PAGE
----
Daily Commentary - Posted on Wednesday, December 28, 2011, 5:16 PM GMT +1
High Number of 52-week Highs in December
At time of writing (11:11 am ET), the S&P 500 is currently down -0.81%, which might provide a favorable intermediate-term buying opportunity.
On Tuesday, December 27, more than 4.5% of NYSE listed issues closed at a fresh 52-week high for the 4th day in a row, for the first time in December this year, which historically had positive implications for the then following day (in this event on Wednesday, December 28, currently underway), and regularly for the time frame until the midst of January as well.
Table I below shows all occurrences (since 1970) and the S&P 500′ performance on the then following two sessions, over the remainder of the year (in this event until Friday, December 30) and until the close of the 12th session of January in the event more than 4.50% of NYSE listed issues closed at a fresh 52-week high for the 4th day in a row for the first time during December of the respective year.
The S&P 500 never closed lower -0.61%+ the next day, and closed at a higher level at the end of the year and on the 12th business day of January on 13 (12) out of 16 occurrences – thereof 10 (11) with a better than 1.0% gain – , but never down more than -1.0% on both points in time.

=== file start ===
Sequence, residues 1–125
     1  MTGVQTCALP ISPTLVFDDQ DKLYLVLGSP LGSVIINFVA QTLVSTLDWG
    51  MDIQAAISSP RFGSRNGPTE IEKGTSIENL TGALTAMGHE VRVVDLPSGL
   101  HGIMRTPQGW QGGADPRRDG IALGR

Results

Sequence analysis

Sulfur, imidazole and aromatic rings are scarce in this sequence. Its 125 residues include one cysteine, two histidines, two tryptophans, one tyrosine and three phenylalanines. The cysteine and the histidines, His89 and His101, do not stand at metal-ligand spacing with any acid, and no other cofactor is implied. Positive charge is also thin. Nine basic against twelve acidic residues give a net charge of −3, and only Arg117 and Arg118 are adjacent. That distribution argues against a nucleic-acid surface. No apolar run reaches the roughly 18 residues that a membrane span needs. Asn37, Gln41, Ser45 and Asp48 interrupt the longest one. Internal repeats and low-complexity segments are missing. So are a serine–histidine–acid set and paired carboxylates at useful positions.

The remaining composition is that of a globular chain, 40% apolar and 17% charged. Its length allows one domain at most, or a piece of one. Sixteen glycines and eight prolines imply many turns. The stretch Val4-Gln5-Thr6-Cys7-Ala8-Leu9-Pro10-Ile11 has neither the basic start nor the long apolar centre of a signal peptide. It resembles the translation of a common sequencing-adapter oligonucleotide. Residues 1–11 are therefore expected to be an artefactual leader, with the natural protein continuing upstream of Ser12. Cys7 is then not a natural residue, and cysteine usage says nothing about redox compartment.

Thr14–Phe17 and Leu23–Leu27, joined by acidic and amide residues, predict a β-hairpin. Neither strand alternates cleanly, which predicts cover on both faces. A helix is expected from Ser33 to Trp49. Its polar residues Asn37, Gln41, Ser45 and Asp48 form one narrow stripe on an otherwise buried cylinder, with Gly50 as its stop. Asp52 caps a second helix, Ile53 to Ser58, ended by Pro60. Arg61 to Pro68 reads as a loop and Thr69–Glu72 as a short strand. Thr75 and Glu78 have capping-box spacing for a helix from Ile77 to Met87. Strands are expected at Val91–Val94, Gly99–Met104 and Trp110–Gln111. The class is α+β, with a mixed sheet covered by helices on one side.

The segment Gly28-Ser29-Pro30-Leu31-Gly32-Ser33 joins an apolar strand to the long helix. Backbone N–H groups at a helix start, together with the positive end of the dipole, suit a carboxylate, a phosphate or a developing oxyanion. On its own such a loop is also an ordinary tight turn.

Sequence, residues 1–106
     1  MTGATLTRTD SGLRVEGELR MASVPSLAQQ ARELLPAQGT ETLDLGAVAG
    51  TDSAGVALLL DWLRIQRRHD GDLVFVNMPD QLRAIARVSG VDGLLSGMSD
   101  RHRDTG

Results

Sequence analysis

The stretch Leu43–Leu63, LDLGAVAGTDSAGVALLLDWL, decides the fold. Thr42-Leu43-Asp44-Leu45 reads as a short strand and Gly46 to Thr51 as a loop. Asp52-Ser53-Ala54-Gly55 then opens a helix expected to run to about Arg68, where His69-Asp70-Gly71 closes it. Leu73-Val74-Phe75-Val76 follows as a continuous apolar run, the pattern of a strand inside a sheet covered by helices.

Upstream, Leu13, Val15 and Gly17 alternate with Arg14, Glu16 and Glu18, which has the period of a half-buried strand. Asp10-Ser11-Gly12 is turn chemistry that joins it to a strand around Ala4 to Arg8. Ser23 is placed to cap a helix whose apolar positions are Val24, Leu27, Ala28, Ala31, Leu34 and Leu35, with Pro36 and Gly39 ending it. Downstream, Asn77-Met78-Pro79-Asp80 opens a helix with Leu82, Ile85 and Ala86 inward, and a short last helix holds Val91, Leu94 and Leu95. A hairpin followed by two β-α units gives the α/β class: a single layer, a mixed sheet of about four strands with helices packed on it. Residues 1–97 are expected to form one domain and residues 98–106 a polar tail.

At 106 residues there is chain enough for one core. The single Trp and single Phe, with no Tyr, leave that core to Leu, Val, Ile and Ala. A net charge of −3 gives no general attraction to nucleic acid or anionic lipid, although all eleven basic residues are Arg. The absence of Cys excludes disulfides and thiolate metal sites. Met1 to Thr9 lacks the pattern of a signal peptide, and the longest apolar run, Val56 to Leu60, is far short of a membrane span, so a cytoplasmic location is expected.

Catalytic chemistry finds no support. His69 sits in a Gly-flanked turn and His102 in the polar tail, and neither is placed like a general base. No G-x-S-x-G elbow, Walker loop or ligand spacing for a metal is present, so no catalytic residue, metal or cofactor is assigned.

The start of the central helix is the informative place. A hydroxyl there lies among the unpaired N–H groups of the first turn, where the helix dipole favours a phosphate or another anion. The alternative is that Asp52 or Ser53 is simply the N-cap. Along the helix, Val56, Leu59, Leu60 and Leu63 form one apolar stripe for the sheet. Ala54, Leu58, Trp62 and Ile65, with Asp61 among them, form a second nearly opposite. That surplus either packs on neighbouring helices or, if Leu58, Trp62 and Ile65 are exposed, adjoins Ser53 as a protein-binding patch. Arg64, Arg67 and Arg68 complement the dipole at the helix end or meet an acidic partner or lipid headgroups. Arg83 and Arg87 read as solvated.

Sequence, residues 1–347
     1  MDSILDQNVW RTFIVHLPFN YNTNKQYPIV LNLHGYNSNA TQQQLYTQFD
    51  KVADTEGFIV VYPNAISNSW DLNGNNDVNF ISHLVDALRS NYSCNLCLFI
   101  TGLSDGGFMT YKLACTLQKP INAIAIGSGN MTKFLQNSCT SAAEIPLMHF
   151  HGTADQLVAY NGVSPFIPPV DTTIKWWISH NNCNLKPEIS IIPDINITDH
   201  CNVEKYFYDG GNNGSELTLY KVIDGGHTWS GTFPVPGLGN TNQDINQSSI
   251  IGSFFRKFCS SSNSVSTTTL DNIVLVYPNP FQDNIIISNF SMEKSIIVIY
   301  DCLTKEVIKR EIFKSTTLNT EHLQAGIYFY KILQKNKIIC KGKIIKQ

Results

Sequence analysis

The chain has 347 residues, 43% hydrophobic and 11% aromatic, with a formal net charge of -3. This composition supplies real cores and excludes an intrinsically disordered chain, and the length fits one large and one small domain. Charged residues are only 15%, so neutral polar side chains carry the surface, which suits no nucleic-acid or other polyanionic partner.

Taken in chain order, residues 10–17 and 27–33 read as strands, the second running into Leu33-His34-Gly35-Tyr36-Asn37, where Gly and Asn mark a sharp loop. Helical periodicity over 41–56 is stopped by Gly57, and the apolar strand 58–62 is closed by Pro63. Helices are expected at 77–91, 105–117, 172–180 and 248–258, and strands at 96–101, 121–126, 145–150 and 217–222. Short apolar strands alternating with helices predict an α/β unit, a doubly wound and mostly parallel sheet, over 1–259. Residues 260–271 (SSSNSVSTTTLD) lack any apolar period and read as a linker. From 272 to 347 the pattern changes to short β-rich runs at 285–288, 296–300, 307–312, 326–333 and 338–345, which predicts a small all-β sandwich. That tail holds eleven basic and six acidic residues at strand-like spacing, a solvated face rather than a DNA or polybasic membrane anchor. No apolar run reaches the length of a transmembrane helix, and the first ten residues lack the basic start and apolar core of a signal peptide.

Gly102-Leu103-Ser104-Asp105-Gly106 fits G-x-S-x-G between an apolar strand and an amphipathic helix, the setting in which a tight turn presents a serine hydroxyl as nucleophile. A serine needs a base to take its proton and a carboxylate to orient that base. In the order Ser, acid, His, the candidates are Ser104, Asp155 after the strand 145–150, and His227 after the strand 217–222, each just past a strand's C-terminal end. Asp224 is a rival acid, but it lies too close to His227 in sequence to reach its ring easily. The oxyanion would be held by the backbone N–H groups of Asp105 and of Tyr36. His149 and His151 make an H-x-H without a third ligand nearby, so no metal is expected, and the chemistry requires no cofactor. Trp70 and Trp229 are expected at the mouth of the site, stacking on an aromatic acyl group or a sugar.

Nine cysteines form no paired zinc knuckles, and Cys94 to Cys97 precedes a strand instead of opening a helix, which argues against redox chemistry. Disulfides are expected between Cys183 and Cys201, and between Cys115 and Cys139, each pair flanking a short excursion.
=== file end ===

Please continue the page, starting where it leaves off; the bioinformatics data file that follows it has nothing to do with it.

A (sizable) down-day on Wednesday and/or Thursday this week might provide a favorable intermediate-term (2-3 week) buying opportunity.
Have a profitable week,
Disclosure: No position in the securities mentioned in this post at time of writing.
Remarks: Due to their conceptual scope – and if not explicitly stated otherwise – , all models/setups/strategies do not account for slippage, fees and transaction costs, do not account for return on cash and/or interest on margin, do not use position sizing (e.g. Kelly, optimal f) – they’re always ‘all in‘ – , do not use leverage (e.g. leveraged ETFs), do not utilize any kind of abnormal market filter (e.g. during market phases with extremely elevated volatility), do not use intraday buy/sell stops (end-of-day prices only), and models/setups/strategies are not ‘adaptive‘ (do not adjust to the ongoing changes in market conditions like bull and bear markets). Index data (e.g. S&P 500 cash index) does not account for dividend and cash payments.
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